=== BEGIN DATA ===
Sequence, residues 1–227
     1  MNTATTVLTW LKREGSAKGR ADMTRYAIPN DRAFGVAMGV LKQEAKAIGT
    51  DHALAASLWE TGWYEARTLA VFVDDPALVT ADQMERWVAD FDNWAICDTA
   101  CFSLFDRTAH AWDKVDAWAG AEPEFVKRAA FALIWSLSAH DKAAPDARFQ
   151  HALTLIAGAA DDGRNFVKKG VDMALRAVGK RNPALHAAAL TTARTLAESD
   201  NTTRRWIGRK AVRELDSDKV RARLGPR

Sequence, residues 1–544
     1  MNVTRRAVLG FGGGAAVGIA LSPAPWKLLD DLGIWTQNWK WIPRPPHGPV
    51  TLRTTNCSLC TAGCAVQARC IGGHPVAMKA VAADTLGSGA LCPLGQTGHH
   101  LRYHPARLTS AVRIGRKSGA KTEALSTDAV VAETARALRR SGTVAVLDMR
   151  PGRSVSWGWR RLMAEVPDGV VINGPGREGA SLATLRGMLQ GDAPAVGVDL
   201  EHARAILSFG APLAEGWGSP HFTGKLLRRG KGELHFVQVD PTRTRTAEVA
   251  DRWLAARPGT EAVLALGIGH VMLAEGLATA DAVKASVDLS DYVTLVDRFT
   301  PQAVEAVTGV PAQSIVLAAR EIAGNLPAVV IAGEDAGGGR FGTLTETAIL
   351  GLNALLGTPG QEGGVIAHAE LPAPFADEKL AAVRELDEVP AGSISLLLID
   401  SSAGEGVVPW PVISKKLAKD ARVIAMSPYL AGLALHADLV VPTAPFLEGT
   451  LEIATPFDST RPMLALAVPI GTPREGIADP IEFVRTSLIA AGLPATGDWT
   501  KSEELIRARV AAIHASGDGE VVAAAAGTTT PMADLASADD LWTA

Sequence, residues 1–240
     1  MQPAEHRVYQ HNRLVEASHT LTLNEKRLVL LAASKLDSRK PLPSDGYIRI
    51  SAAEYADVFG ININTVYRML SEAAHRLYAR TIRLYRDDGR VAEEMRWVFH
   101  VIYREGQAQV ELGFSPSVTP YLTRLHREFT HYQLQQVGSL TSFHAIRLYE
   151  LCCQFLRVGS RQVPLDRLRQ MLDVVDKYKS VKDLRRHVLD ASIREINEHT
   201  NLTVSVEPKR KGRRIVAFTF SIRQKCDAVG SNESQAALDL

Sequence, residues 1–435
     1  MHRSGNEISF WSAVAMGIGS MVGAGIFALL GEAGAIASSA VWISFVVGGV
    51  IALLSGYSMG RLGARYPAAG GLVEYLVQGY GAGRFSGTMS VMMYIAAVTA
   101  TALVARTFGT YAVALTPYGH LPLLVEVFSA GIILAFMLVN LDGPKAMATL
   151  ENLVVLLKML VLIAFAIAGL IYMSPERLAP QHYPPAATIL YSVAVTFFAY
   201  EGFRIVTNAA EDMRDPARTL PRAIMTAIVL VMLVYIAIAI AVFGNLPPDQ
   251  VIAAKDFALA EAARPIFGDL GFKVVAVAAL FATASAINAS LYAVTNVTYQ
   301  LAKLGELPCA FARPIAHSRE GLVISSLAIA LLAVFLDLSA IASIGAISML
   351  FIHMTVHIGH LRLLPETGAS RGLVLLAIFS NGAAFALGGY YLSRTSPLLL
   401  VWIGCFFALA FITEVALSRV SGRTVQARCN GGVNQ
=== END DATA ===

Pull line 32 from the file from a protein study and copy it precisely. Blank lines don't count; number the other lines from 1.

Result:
   301  LAKLGELPCA FARPIAHSRE GLVISSLAIA LLAVFLDLSA IASIGAISML